-One advantage the PlayStation 4 has over the Xbox One is that its 500 gigabyte hard drive can actually be replaced.
The process is relatively simple, but before we get started, let's take a look at what you'll need to get the job done.
The PlayStation 4 supports a normal laptop hard drive.
The drive must be at least 160 gigabytes and no thicker than 9.5 mm.
We opted for 256-gigabyte solid-state drive, which should deliver slightly faster low times.
You'll also need a USB drive with at least 1 gigabyte of space, a Philips head screwdriver, and a computer with internet access, but more on that later.
With the console laying flat, apply slight pressure to the glossy black cover and slide it down.
Next, take the Philips head screw driver and remove the single screw that has the traditional PlayStation shapes on it, then just pull the hard drive tray out
and remove the four screws that keep the drive intact.
Once it's out, simply replace the driver screwed into the tray and then secure the tray in place.
Getting the cover back on could be a little tricky.
Instead of sliding it from the bottom, come from the top and snap it back into place.
Now, grab your computer and go to Sony's website to download the PS4 software update, but make sure to fresh install file.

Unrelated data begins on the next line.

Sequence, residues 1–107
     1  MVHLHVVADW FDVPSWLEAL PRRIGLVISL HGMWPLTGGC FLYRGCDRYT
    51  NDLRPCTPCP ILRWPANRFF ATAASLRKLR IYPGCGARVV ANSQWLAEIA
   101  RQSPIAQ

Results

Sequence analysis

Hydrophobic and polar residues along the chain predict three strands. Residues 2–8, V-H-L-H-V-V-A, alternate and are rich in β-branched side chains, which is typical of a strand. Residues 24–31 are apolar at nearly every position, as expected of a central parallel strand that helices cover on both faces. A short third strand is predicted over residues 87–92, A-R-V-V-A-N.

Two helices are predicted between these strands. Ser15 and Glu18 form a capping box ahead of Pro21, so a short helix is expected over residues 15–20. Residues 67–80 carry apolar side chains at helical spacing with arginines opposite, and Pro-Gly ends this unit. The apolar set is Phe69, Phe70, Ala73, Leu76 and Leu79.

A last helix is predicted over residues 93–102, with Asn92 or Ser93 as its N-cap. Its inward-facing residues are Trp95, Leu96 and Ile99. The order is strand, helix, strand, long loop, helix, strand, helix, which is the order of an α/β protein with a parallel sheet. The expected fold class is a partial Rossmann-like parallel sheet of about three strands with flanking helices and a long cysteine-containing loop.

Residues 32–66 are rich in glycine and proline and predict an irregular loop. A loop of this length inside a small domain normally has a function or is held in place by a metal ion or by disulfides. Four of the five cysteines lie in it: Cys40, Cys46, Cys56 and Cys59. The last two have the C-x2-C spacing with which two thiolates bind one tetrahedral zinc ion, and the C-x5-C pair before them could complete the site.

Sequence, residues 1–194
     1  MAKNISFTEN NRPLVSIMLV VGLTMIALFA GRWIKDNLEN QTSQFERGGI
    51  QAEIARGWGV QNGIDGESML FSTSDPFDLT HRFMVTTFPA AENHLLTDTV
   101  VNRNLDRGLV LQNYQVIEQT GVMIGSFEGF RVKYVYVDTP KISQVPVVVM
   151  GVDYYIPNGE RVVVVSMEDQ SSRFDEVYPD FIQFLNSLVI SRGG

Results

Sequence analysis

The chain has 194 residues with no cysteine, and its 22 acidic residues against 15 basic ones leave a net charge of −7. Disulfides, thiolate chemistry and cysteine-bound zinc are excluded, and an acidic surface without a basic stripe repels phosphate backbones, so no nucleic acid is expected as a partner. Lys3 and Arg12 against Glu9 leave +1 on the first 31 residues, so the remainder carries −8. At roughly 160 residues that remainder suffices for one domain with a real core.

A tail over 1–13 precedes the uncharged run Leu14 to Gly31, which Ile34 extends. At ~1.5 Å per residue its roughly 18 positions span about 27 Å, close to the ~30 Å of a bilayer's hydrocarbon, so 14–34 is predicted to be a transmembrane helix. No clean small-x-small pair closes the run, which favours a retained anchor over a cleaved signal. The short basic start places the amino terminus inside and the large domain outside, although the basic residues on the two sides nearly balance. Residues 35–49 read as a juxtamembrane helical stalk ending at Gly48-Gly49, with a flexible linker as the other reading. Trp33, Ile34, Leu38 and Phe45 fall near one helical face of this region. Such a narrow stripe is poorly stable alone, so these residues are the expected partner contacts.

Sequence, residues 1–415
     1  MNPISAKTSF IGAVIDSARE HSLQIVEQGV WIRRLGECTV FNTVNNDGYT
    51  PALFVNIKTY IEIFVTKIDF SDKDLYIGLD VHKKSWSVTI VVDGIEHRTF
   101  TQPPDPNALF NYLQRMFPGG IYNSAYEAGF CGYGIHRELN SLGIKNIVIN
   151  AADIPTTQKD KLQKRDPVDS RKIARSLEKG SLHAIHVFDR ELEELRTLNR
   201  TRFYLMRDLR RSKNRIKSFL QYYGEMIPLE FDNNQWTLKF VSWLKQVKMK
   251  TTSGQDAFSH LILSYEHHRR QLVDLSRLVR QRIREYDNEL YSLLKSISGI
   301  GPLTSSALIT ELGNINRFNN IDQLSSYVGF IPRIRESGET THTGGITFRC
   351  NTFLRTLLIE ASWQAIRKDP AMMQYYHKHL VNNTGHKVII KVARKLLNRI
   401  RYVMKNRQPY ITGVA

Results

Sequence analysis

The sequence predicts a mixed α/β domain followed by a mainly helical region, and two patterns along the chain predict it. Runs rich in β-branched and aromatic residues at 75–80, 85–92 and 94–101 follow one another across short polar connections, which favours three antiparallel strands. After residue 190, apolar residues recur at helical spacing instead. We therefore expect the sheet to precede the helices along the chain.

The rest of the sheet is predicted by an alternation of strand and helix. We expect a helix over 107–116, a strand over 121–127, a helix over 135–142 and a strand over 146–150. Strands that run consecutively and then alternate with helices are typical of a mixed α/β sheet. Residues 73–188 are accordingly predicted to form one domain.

Connect the USB to your computer and format to FAT32.
This can be done on Windows with a right click on the drive and selecting Format.
Once complete, open the drive and create a folder titled PS4.
Inside that folder, create another one titled Update in all caps, then place the update file inside of it.
Make sure the console is turned off and plug in the controller and USB drive.
Power the system on in safe mode by holding the power button for seven seconds.
Tap the PlayStation button on the controller when prompted to do so and scroll down to initialize PlayStation 4 from the safe mode menu.
After installing the update from the USB drive, the system will restart and boot up as if it was the first time you powered it on.
If you have any questions, reach out to me on Twitter and be sure to check out my article in howto.cnet.com for more detailed instructions and that link you'll need to get the job done.
I'm Dan Graziano.
Thanks for watching.
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